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We the Parents    cover photo

We the Parents 2013

Recommended with reservations

Distributed by Alexander Street Press, 350 7th Ave/Ste 1100, New York, NY 10001

Directed by James Takata
DVD , color, 88 min.

High School - General Adult
Activism, Civil Rights, Education, Elementary Education

Date Entered: 06/13/2016

Reviewed by Linda Frederiksen, Washington State University, Vancouver, WA

In 2010, a bill entitled the Parent Trigger Law was passed in California. The law created a legal process by which parents with children in a failing school could “pull the trigger” on its lack of performance by collecting petitions calling for significant change. Options available for these “objectively terrible “ schools where up to 75% of students routinely score below average on standardized tests include: 1) closing the school, 2) replacing some or all teachers and staff, or 3) turning the school over to a private charter operator. Five other states have since passed similar legislation and it continues to be a controversial subject in local, state, and national education reform debate.

The film follows the activities of parents from McKinley Elementary School in Compton, CA, as they organize, petition, and advocate for school transformation that tests the Parent Trigger Law. Receiving support from Parent Revolution, a well-funded membership organization, the local community is empowered to collective activism, carrying signed petitions to California Department of Education hearings in Sacramento. Live action footage, infographics, and heartfelt interviews with mothers who just want better schools for their children, legislators, education administrators and staff, as well as Parent Revolution organizers make up the majority of content.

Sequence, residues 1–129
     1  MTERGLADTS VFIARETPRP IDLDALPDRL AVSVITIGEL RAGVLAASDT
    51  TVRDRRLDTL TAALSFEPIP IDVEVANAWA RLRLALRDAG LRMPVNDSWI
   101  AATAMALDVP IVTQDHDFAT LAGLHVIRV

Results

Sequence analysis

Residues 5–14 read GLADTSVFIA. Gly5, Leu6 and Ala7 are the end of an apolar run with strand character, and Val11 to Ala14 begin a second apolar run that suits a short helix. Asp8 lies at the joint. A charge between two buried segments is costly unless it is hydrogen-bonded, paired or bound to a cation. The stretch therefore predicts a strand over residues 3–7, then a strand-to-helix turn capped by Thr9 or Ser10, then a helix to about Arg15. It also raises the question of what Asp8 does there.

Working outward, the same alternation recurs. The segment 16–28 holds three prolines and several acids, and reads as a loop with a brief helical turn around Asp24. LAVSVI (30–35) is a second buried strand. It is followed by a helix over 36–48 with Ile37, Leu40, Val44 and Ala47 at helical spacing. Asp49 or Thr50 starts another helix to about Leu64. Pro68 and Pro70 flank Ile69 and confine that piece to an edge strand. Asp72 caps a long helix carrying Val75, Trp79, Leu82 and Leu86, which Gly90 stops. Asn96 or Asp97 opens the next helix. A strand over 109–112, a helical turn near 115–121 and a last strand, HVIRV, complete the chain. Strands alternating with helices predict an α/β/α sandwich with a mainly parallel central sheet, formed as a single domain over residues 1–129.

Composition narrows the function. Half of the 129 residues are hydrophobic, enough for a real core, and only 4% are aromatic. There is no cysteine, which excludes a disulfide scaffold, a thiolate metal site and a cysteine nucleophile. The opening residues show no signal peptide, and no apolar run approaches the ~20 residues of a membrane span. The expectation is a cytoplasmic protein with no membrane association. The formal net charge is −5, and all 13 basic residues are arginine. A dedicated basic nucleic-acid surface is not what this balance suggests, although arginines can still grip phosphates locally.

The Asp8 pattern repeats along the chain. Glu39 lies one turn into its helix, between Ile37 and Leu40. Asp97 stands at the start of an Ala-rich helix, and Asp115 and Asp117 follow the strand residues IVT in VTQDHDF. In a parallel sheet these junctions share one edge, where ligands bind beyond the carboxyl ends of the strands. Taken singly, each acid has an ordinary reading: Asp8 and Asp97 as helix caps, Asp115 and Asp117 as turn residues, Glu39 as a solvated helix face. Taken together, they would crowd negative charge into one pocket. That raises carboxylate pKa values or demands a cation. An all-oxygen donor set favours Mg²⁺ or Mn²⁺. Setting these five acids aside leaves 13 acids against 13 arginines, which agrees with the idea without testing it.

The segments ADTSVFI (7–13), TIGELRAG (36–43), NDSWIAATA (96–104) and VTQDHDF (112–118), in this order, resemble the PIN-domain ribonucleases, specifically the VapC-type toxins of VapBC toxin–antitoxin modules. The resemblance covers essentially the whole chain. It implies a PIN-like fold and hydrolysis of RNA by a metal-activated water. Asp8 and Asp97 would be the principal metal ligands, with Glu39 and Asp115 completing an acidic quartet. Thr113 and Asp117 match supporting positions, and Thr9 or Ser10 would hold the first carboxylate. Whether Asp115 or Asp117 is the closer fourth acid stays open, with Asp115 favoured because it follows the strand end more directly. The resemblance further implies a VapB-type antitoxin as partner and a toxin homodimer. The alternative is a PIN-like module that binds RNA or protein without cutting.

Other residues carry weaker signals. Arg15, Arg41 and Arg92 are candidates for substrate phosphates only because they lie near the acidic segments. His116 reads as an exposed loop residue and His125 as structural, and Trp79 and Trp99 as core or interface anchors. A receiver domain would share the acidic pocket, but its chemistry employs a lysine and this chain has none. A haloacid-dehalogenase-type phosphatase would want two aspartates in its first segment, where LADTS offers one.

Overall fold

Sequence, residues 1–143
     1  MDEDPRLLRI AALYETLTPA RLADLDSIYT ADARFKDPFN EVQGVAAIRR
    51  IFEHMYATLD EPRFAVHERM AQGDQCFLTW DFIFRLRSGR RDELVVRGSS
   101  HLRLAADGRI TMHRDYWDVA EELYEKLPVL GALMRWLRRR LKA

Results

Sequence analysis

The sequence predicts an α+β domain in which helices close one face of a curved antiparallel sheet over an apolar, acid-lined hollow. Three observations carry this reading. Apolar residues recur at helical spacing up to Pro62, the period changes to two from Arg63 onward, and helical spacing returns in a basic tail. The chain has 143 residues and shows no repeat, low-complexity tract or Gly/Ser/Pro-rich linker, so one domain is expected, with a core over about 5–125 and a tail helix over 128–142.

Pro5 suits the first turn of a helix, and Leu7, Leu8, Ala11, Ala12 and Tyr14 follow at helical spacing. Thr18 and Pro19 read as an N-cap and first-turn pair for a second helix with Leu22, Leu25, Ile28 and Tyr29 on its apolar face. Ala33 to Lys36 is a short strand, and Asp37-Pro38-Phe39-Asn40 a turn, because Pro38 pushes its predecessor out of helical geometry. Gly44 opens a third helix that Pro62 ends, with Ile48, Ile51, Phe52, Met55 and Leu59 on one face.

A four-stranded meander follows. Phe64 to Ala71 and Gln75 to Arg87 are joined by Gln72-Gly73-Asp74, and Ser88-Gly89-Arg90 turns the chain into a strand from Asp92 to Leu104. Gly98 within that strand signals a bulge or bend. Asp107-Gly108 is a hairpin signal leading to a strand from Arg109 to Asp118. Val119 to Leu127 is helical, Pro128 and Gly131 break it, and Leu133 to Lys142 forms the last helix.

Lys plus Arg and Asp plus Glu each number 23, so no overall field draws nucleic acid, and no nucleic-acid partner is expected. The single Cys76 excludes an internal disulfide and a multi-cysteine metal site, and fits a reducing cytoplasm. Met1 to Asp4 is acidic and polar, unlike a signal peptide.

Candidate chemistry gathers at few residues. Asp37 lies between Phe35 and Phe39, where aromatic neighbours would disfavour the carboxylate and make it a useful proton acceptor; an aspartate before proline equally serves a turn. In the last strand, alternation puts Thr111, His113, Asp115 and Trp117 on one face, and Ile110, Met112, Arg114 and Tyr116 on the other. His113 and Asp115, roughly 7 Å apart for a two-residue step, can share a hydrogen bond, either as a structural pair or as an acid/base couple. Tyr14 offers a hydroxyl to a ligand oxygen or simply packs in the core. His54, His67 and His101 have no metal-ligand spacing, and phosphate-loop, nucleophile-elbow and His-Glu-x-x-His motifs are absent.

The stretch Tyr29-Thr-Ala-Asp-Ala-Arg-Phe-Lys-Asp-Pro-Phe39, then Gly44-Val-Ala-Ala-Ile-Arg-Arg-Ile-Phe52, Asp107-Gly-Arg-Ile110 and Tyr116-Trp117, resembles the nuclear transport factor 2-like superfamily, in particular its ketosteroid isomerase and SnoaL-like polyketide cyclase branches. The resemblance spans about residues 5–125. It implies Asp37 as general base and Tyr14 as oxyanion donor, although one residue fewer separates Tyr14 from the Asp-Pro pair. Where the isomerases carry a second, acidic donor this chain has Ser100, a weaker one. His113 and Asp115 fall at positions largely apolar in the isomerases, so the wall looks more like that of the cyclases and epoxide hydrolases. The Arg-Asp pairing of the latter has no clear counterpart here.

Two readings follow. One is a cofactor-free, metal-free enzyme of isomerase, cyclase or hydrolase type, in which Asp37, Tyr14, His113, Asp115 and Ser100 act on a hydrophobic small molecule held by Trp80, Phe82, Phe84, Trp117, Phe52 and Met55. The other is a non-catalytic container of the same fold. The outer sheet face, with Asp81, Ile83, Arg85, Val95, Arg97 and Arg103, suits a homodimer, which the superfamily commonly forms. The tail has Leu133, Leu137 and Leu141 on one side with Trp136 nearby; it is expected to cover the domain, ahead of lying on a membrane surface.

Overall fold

While covering the need for school improvement and the power of collective grassroots activism, troubling questions about the effectiveness and cost of charter schools are not addressed. Similarly, the role of Parent Revolution, its funding sources and interest in privatization receive no discussion. Education reform is a complicated, divisive issue with numerous sides and competing political agendas that are not adequately examined by this inspirational but overly-simplified documentary.